THE LOVE AFFAIR between the intellectuals and the trashmeisters, now more than a hundred years old, has just overtaken the man who is by some measures the most popular painter in America. Thomas Kinkade: The Artist in the Mall is an essay collection that exudes a creepy fascination. While a number of the contributors manage to provide level-headed assessments of Kinkade’s place in the American imagination, I am not remotely convinced that such attention should be lavished on Kinkade’s sugar-drenched Middle America, with its frosted gingerbread domiciles, dew-kissed old-fashioned small-town Main Streets, and farmlands so fertile they look as if they’re on steroids. Alexis L. Boylan, who edited the book, would no doubt protest that the size of Kinkade’s reputation justifies the attention on sociological or cultural grounds, pure and simple. I know that many intellectuals believe we overlook middlebrow tastes at our own risk. But there is a large dose of reverse snobbery threaded through this collection. More than a generation after Pop Art became holy writ, it is rather tiresome to be announcing yet again that we live in a democracy where one person’s treasure is another person’s trailer trash, and that their masterworks are not necessarily inferior to the Picasso’s and Matisse’s in our museums. Many of the contributors to Boylan’s anthology want to devour every last bite of their middlebrow cake, but only after each tasty morsel has been skewered on a highbrow fork. The problem is not that they respect Kincade anthropologically, it is that they respect him as an artist.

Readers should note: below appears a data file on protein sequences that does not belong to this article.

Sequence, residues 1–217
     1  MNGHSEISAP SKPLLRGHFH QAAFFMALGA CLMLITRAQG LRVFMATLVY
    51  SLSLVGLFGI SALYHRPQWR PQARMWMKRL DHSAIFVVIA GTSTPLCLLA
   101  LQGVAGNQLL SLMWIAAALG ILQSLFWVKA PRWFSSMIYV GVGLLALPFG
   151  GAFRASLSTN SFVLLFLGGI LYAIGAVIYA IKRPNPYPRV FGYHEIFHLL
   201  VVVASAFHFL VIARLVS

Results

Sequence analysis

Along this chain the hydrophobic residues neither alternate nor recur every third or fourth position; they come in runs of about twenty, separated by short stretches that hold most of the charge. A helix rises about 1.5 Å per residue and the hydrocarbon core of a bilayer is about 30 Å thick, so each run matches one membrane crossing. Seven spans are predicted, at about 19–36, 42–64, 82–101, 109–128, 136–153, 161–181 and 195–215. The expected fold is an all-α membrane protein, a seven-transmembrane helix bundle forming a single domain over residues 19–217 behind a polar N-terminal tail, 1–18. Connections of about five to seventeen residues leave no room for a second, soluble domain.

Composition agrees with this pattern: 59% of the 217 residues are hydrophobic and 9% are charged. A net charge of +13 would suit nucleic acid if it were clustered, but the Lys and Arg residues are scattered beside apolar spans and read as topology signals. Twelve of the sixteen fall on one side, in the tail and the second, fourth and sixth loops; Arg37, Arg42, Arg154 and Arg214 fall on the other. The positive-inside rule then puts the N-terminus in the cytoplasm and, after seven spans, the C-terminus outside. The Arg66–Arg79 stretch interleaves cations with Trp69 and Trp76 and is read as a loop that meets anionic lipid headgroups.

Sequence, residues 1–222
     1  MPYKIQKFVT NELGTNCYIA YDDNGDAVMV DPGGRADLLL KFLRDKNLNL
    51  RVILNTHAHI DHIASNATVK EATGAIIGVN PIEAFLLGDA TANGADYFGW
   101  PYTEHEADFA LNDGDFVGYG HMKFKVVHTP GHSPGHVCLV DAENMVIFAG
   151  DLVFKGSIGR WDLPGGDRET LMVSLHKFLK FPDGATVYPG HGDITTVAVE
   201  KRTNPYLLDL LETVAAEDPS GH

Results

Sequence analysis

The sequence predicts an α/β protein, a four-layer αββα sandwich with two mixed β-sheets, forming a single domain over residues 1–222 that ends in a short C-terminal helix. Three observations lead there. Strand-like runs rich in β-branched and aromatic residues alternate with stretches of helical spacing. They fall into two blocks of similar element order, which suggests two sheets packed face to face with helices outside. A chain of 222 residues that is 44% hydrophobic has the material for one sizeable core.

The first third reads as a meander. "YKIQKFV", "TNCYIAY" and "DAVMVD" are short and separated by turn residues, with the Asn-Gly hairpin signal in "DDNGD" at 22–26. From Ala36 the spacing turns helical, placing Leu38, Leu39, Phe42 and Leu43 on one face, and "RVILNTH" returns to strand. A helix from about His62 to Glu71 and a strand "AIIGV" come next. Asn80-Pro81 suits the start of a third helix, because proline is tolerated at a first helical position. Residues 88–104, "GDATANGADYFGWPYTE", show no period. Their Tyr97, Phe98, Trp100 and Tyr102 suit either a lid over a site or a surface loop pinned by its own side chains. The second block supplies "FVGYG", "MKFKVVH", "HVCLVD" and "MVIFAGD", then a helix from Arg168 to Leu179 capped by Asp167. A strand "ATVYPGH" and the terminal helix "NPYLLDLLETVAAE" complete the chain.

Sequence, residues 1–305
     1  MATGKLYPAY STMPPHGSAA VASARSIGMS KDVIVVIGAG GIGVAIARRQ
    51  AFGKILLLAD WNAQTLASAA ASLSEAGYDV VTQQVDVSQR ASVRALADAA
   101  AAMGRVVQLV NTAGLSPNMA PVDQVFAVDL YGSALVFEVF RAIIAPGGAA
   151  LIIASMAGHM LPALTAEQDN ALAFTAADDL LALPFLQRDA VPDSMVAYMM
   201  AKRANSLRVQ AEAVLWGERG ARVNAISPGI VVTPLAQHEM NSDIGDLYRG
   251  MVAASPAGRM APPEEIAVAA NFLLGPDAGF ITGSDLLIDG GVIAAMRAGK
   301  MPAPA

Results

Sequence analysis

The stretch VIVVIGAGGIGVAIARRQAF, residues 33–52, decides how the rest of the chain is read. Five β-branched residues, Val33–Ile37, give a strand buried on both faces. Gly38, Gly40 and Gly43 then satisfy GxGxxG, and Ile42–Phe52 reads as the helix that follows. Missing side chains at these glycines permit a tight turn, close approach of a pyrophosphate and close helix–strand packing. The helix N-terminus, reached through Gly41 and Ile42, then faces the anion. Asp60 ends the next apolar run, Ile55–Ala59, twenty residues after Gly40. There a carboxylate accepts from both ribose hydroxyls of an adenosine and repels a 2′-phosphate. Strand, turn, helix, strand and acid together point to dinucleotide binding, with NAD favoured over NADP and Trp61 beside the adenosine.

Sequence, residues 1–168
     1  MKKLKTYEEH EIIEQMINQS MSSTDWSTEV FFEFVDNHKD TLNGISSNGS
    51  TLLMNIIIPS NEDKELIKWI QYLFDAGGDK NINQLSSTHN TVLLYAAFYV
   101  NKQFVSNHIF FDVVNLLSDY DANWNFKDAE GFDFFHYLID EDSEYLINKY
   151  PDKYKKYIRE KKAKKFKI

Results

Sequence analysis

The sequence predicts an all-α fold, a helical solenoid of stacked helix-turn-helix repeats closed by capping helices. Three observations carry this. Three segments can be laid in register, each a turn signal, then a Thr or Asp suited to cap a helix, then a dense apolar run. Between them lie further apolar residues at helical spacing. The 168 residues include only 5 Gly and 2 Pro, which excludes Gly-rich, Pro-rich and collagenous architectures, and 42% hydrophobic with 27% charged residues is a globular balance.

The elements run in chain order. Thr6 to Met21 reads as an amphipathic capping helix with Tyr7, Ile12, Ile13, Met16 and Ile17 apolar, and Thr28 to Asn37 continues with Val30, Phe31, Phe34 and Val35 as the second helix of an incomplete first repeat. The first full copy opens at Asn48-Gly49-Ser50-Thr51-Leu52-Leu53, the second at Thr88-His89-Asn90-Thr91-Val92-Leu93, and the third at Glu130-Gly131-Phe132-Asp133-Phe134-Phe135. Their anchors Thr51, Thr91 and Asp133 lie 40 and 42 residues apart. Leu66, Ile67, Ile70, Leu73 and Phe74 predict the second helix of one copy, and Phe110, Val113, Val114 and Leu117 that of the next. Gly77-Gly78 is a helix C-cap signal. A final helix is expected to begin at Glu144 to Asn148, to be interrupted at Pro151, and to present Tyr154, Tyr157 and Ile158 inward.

more from Jed Perl at TNR here.